Lookup NU author(s): Dr Peter Sercombe
This work is licensed under a Creative Commons Attribution 4.0 International License (CC BY 4.0).
The anthropological sciences have long been interested in how hunter-gatherers perceive and interact with their spatial environment. The spatially flexible and dynamic modes of subsistence and residence typical of many hunter-gatherer communities have been considered to be key factors in the social organisation and ideological framing of such communities. However, close attention to spatial representation – in the form of categories and distinctions as they surface in everyday communication and behaviour, for example – has so far been largely restricted to certain subfields within the language and cognitive sciences. This inquiry, on the other hand, has not been concerned with the hunter-gatherer category as such, and it has rarely addressed spatial representations in their sociocultural context. The present special issue aims to highlight the potentials of a closer integration of these different research perspectives in advancing our understanding of hunter-gatherer space. The contributions – written by experts on a diverse set of communities – address a range of representational phenomena of core concern to this aim. This introductory paper presents space as a domain of inquiry into meaning, it reviews the literature on spatial representation among hunter-gatherer communities, and it outlines some of the major patterns of hunter-gatherer spatial strategies that emerge from the literature and the present contributions. Pointing to both diversity and commonalities across communities, the data offer new views of promising ways forward in the inquiry into hunter-gatherer relationships with the environment.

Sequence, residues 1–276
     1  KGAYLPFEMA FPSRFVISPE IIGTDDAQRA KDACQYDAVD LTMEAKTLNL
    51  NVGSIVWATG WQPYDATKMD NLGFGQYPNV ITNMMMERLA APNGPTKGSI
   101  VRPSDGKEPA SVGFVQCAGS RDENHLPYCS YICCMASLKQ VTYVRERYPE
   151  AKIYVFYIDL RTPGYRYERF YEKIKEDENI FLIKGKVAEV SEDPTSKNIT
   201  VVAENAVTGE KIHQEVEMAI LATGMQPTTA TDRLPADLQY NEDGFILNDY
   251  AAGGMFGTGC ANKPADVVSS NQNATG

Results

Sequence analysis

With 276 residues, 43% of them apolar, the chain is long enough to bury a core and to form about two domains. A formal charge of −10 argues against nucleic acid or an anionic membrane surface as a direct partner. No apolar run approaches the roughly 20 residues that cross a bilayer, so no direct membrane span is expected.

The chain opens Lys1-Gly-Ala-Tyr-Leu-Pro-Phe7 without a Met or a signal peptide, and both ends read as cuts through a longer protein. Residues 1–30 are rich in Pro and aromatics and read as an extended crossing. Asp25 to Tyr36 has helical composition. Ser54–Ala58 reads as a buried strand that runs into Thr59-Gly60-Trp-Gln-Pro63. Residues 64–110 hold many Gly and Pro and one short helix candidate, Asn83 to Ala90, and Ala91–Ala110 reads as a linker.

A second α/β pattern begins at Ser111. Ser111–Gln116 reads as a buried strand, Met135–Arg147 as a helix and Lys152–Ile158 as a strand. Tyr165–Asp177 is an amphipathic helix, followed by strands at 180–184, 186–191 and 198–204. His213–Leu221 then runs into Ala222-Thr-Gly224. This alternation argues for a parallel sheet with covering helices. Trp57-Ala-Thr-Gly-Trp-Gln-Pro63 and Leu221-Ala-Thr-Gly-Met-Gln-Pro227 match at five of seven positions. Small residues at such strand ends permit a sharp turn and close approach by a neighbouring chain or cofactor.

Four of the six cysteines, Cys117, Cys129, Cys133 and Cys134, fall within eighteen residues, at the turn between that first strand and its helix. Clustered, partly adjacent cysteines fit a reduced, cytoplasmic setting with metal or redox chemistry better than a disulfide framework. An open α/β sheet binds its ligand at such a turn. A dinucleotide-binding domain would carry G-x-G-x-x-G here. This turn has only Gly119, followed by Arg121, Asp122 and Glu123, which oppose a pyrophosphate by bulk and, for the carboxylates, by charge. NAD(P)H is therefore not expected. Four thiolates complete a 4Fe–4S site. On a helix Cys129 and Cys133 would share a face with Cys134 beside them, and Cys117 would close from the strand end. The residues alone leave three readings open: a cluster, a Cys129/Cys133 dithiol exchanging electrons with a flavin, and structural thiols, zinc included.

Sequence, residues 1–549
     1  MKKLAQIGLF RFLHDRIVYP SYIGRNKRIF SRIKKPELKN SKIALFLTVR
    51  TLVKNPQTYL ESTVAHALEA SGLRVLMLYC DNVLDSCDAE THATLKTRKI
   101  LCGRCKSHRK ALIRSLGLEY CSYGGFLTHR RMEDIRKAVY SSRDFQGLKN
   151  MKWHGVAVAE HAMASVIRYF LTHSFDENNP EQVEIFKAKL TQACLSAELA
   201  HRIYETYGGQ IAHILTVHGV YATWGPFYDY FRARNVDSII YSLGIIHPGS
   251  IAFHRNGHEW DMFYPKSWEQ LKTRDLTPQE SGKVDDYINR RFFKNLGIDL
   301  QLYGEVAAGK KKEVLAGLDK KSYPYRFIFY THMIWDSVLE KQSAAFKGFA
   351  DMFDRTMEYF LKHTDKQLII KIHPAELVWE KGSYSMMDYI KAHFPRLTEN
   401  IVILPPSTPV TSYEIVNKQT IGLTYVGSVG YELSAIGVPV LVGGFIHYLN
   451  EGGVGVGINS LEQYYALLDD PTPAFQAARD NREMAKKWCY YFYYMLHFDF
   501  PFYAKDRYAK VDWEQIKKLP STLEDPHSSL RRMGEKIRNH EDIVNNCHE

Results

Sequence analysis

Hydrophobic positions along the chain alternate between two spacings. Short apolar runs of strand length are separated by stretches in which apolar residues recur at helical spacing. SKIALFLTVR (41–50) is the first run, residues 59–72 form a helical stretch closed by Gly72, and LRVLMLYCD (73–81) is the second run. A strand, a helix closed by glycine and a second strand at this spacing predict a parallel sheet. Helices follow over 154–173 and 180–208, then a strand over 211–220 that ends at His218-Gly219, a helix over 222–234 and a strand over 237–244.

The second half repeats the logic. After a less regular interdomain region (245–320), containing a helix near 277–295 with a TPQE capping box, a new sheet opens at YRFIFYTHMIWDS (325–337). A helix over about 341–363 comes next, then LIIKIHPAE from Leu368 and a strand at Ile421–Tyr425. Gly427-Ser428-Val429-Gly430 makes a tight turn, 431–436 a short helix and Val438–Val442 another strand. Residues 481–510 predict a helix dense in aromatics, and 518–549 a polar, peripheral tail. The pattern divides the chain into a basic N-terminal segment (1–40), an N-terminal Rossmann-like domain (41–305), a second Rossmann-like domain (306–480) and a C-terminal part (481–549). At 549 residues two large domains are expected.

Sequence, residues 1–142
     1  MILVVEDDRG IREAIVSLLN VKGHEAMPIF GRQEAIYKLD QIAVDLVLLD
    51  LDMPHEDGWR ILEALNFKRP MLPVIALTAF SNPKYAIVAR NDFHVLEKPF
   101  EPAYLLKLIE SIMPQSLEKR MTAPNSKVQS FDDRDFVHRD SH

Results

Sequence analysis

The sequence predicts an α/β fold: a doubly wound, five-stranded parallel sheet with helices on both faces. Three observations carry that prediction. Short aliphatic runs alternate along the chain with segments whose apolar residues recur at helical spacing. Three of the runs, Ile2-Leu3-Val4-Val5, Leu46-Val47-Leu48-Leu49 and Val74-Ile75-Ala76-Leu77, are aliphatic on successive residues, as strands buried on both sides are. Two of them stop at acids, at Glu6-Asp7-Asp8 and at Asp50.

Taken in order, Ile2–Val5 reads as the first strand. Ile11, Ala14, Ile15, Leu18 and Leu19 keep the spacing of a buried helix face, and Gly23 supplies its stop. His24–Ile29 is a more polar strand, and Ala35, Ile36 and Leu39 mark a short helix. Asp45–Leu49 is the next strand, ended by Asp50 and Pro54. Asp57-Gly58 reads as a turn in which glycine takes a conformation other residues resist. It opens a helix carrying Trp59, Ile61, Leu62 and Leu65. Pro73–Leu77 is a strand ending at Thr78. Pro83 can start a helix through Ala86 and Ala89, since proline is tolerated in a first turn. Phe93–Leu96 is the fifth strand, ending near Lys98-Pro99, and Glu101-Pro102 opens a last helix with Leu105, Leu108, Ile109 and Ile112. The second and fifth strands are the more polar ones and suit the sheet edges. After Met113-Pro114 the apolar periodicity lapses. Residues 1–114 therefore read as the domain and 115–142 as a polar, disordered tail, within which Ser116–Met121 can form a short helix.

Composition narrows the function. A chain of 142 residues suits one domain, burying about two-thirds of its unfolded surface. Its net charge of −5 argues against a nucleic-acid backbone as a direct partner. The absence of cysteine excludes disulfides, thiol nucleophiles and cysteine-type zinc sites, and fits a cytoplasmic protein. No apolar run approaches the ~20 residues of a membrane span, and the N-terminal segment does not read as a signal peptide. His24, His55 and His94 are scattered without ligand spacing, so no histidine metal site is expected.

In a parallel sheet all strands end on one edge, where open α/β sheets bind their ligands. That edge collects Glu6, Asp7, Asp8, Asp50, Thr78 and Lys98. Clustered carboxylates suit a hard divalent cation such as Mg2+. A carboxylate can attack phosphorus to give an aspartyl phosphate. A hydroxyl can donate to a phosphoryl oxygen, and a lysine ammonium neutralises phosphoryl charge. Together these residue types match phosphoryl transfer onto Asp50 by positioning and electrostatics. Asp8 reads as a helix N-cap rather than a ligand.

Author(s): O'Meara C, Burenhult N, Rothstein M, Sercombe P
Publication type: Article
Publication status: Published
Journal: Hunter Gatherer Research
Online publication date: 05/05/2020
Acceptance date: 21/05/2020
Date deposited: 21/05/2020
ISSN (electronic): 2056-3264
Publisher: Liverpool University Press
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